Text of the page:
“No. When I was a kid we used to whack a block of wood around with sticks, but it wasn’t much like this hockey. Looks like you’ve got almost as many rules as there are in football. You’re a pretty nice skater, ain’t you?”
“Not as good as some of the fellows,” replied Clem. “You skate, of course.”
Jim nodded. “That’s ’bout the only thing I can do real well,” he answered. “Don’t believe I could get around the way you do, though; dodge and turn so quick and all like that. I ain’t so bad at skating fast, but I’ve got to have plenty of room.”
“Better go into the races Saturday morning,” suggested Clem. “What’s your distance?”
“Yes, what are you best at? Half-mile? Mile? Two miles?”
“Why, I don’t know. I’ve skated in a lot of races, you might say, but we didn’t ever measure them. We’d race, generally, from the old boat-house to the inlet; on Lower Pond, you know. Guess that’s about three-quarters of a mile; more or less.”
“Why don’t you enter for Saturday, then?” asked Clem. “You ought to be able to do the mile if you’ve been doing the three-quarters, Todd.”
“Well, I don’t know. Would you? Does it cost anything?”
“Not a cent,” laughed Clem. “There’s a list of the events over on the notice board in the gym. Better pick out a couple and get your name down.”
“Well – Gosh, though, I can’t! I didn’t bring my skates. I sort of had a notion there wasn’t much skating down here. I guess there wouldn’t be time to send for them, either, to-day being Tuesday.”
Clem leaned over the barrier and viewed Jim’s shoes. “No, I guess not, but I think Mart’s skates will fit you. Drop in later and we’ll see. He doesn’t use them much.”
“Maybe he wouldn’t like me to have them,” responded Jim doubtfully. “Anyway, I ain’t skated since last winter, Harland, and I guess I wouldn’t be much good. Much obliged to you, but maybe I’d better not.”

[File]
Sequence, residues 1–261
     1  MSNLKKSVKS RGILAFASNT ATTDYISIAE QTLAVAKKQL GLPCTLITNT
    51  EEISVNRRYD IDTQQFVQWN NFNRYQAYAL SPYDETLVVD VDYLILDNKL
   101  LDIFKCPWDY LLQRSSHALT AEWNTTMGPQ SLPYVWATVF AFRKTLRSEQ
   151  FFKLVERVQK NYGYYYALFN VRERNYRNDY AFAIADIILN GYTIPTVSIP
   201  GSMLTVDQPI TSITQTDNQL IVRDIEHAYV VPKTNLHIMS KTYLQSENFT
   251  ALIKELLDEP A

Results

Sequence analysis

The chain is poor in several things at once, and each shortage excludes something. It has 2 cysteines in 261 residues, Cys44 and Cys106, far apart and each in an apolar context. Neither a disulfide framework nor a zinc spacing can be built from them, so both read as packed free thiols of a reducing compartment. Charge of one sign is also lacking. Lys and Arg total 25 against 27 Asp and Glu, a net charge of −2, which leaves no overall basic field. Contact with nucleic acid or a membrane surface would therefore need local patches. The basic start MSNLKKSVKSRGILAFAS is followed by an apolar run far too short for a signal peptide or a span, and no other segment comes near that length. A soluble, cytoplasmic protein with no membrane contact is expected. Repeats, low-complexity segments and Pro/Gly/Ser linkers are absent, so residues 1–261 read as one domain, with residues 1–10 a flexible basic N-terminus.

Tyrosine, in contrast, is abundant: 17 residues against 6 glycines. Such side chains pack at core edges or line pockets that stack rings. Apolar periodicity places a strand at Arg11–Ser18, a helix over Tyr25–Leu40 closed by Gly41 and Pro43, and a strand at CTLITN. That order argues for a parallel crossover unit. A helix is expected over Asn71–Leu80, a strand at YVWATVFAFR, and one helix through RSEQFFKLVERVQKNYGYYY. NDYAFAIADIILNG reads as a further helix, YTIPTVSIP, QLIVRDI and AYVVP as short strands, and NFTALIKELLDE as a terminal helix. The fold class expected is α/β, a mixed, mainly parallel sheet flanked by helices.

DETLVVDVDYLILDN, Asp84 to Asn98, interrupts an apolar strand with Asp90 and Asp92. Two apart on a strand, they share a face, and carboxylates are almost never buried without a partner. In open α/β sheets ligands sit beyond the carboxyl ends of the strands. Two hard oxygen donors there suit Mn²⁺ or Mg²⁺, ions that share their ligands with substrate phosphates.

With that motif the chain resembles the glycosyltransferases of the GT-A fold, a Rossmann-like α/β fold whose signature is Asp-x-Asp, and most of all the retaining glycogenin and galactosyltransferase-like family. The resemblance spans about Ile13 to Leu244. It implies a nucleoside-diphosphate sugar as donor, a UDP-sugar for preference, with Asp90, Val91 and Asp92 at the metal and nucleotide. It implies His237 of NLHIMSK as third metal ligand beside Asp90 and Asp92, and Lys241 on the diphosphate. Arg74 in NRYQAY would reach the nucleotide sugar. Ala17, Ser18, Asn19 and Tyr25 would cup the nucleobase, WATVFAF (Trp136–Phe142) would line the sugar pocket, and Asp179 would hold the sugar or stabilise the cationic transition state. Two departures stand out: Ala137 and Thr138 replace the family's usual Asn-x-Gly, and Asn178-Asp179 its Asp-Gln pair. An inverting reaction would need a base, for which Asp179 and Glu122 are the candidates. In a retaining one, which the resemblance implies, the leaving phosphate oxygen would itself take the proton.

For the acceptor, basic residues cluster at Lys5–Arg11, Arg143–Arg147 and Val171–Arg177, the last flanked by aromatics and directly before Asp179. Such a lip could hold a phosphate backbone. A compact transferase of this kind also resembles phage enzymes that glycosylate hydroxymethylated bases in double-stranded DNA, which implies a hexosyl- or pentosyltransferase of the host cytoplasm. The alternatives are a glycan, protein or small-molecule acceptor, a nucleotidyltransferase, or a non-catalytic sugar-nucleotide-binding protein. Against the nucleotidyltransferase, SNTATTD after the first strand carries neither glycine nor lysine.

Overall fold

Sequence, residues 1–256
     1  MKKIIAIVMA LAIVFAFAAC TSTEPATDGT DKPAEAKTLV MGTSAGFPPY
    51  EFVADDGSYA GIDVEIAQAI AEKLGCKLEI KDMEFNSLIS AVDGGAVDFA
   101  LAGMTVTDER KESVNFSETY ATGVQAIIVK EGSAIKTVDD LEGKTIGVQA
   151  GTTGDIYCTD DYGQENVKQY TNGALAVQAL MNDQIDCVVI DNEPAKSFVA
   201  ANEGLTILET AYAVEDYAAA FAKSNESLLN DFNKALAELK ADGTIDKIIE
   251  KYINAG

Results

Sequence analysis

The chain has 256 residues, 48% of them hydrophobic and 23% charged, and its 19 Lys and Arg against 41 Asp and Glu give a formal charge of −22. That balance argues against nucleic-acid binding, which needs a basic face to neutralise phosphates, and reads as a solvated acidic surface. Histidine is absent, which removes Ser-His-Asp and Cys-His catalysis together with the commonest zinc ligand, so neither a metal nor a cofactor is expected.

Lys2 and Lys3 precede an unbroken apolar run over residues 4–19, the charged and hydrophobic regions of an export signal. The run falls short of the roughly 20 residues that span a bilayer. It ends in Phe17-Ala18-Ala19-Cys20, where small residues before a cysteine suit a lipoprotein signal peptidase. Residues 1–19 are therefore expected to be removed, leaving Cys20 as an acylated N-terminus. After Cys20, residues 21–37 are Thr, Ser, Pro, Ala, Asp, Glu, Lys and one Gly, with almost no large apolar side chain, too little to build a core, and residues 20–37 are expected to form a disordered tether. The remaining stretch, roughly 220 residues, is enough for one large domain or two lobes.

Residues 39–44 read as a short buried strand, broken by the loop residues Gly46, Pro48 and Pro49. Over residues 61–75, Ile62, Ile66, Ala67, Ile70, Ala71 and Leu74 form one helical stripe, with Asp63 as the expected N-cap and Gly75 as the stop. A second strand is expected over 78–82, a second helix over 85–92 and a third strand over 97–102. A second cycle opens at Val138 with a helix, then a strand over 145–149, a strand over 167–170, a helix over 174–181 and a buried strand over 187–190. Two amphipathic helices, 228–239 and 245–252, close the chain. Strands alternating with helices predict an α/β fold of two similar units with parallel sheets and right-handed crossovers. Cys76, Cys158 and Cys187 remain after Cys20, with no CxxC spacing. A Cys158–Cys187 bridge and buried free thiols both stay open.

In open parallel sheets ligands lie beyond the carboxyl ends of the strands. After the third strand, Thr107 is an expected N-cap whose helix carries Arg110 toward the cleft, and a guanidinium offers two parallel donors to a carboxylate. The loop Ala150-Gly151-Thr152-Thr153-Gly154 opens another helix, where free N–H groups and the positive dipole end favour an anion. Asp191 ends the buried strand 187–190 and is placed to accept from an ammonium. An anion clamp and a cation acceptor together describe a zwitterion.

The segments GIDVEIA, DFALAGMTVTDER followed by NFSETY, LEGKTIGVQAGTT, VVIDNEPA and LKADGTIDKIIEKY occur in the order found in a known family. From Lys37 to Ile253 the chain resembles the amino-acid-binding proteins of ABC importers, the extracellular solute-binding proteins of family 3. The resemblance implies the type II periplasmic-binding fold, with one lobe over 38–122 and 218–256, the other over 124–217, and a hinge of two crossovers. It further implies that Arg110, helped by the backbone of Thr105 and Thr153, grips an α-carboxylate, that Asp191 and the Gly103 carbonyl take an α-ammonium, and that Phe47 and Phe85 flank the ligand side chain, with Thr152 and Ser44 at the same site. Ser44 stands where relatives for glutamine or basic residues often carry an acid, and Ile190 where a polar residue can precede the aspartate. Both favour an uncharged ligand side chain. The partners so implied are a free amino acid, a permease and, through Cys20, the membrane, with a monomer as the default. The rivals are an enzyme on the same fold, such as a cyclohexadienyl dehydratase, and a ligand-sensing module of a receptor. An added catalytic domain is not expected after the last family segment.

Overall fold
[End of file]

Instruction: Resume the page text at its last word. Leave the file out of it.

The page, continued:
“Well, if you change your mind – ” Clem hurried away to try some shots at goal before the whistle blew again.
Just before supper-time, however, Jim wandered into Number 15. He announced that he guessed he’d take part in those races if it was all right about the skates. “There’s a two-mile race down, I see, and I guess I’d like to try that.”
“Two miles? Thought you’d been doing three-quarters,” said Clem, while Mart dug his skates out of the closet.
“Yes, but sometimes I got licked, and I’ve got a sort of notion I can do better at a longer distance. Maybe I’ll try for the mile, too. I guess there’s a lot of pretty good skaters going into it, eh?”
“Yes, I suppose so,” said Clem, “but you’ll have a good time. You don’t mind getting beaten, do you?”
Jim frowned slightly. “Why, yes, I guess I do,” he replied. “Every fellow does, don’t he?”
“Well, I meant to say you didn’t mind much. Of course no fellow wants to take a defeat, but he has to do it just the same sometimes, you know. And there’s a whole lot in taking it the right way.”
“The right way?” inquired Jim.
“Why, yes, Todd. Look here, are you joshing me? You know what I mean, confound you!”
“Well, I don’t know as I do,” said Jim doubtfully. “I don’t get mad when I’m licked, if that’s what you mean. Leastways, I don’t let on I’m mad. But it don’t make me feel any too good to get beat!”
“I suppose your trouble is that you’ve never been beaten often enough to get used to it, then,” answered Clem. “Getting mad doesn’t do any good, you crazy goof. You want to smile and make believe you like it.”
“Oh, for the love of Liberty,” wailed Clem, “take this fellow off me, Mart! He’s worse than a Philadelphia lawyer!”
Mart’s return with the skates provided a diversion. They were a size too small, but after a long and admiring appraisal of them Jim declared that they would do. “I never saw a pair just like these before,” he confided admiringly. “What they made of, Gray?”
“Aluminum, mostly. Light, aren’t they? Like them?”
“Gosh, yes, but I don’t know if I can do much with them. They don’t weigh more’n a third what mine do. I’m going to try them, just the same. I’m much obliged to you.”
“You’re welcome. Just see that you win a race with them. We’ll go down and root for you, Todd.”
“I might win the two-mile race,” replied Jim, “if I get so I can use these right. I’ll try ’em to-morrow.”